There is an interesting debate going on amongst those who have little else to debate these days. The question is this. For effective change to take place, does one first change the organizational structure and systems and then adapt a strategy (and human strategy as well) to fit the new structure and system, or does one start with the strategy and mindset changes and then adapt the systems and structure to fit it?
This is one of those interesting leadership questions because, if you have an answer, you probably
believe it is the only logical answer to have. Of course my answer is one of those amazingly frustrating answers for many people. I believe it depends on the change being instituted and the context of the specific leadership and organizational challenge.
In my opinion, it is possible for a full scale and successful change initiative to be instigated by the recognition that current systems, hierarchies and processes are either producing less than desirable results or, more likely, are not creating results quickly enough. This is a carry over from the industrial age that we haven’t quite settled yet. Systems that create efficiency and run at the lowest cost are not necessarily the same systems that create the greatest speed or quality. The obsession with cost reduction has created many organizations that now find themselves able to do things inexpensively, but without innovation or speed to market.
On the other hand, organizations that have flat structures, few complex processes and an innovative mindset are not immune to dealing with change. The current economy for example has hit everybody. Many of these innovative companies (Google, 3M, Apple) have come to recognize that their cowboy mindset worked well in good times, but did not prepare them for the more team-oriented approach that may be necessary today. Yes, these companies have had teams forever, but the kind of collaboration that is necessary now is so entirely cross functional and focused that few organizations are accustomed to it. These aren’t organizational design issues…these are internal issues. In these cases, the mindset has to change first, and the design will follow.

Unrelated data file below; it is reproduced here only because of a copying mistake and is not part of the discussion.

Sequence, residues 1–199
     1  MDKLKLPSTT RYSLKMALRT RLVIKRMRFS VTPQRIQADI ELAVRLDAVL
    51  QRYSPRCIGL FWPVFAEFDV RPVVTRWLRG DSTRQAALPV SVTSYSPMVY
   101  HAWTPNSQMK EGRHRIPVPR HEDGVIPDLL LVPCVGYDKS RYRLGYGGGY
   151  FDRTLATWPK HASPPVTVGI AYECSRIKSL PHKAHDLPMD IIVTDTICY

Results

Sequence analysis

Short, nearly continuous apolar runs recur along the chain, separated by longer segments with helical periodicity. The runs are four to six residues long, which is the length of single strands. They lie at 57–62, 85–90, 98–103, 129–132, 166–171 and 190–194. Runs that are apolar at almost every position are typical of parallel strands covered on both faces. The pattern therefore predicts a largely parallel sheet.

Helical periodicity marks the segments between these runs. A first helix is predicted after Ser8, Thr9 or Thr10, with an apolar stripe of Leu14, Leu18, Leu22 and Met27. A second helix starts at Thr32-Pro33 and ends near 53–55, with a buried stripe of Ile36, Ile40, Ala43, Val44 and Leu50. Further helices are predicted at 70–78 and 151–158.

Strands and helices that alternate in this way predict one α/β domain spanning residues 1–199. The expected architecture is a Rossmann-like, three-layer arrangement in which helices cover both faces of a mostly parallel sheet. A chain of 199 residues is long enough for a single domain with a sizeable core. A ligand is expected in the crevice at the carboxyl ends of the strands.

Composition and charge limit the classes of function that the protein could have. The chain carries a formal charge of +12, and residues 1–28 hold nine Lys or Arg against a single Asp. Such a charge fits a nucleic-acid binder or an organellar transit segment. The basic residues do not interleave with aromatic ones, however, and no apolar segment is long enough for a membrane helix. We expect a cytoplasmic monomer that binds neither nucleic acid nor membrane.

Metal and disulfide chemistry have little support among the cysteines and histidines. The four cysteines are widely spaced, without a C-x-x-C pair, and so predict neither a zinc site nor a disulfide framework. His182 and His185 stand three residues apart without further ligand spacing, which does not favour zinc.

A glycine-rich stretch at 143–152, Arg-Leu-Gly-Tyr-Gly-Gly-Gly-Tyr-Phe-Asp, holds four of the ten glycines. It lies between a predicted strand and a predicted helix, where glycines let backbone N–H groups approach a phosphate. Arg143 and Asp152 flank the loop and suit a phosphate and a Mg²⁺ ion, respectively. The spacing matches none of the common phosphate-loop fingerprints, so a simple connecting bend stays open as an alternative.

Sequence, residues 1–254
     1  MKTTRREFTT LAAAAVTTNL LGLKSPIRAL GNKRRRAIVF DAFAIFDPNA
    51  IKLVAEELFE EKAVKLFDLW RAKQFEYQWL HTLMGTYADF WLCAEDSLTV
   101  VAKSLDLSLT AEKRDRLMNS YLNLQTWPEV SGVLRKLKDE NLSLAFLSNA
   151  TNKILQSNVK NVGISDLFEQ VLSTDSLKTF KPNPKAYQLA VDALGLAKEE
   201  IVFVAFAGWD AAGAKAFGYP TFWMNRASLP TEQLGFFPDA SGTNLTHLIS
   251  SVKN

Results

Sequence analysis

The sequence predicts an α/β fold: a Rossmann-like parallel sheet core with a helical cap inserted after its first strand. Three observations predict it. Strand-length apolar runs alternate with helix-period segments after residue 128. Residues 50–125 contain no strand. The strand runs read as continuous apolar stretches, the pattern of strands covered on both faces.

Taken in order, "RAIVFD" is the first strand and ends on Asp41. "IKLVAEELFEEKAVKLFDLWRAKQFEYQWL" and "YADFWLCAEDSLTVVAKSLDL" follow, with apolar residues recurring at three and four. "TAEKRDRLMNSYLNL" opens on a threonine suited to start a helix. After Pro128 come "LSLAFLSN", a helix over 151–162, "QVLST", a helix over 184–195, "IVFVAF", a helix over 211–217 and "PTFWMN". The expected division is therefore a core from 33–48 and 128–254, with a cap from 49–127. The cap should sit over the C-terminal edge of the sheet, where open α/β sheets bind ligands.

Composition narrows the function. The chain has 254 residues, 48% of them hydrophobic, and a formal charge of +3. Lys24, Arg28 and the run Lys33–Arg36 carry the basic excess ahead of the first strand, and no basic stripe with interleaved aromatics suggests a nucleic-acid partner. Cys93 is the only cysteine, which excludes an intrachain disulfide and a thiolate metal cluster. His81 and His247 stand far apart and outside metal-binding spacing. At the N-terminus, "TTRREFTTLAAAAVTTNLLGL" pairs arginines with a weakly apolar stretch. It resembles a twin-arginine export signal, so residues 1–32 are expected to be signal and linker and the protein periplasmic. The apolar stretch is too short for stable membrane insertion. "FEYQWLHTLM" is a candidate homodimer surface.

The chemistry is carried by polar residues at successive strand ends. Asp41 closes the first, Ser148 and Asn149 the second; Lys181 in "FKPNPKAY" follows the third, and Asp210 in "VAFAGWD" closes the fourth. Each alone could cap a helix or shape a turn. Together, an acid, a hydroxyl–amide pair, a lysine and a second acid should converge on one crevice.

I believe what is most important is the manner in which the change process is approached. First of all, we should quit acting as if the “change process” is a unique and perhaps frequent stand alone event. In the current environment, change is not separate from leadership…it IS leadership. Second, for either design driven or internal driven change to work, stakeholders have to be enlisted early in the game. We have become a complex environment and diverse perspectives will provide the framework for understanding what and how change will enable the new corporate.
Finally, we have to get away from believing that there is one way to either make change happen or even to describe the phenomenon that occurs during change within an organization. We have become comfortable with approaches and theories that date back to a much more stable and industrial age. For change to work, leaders have to have open minds and hearts and be willing to understand that they don’t understand.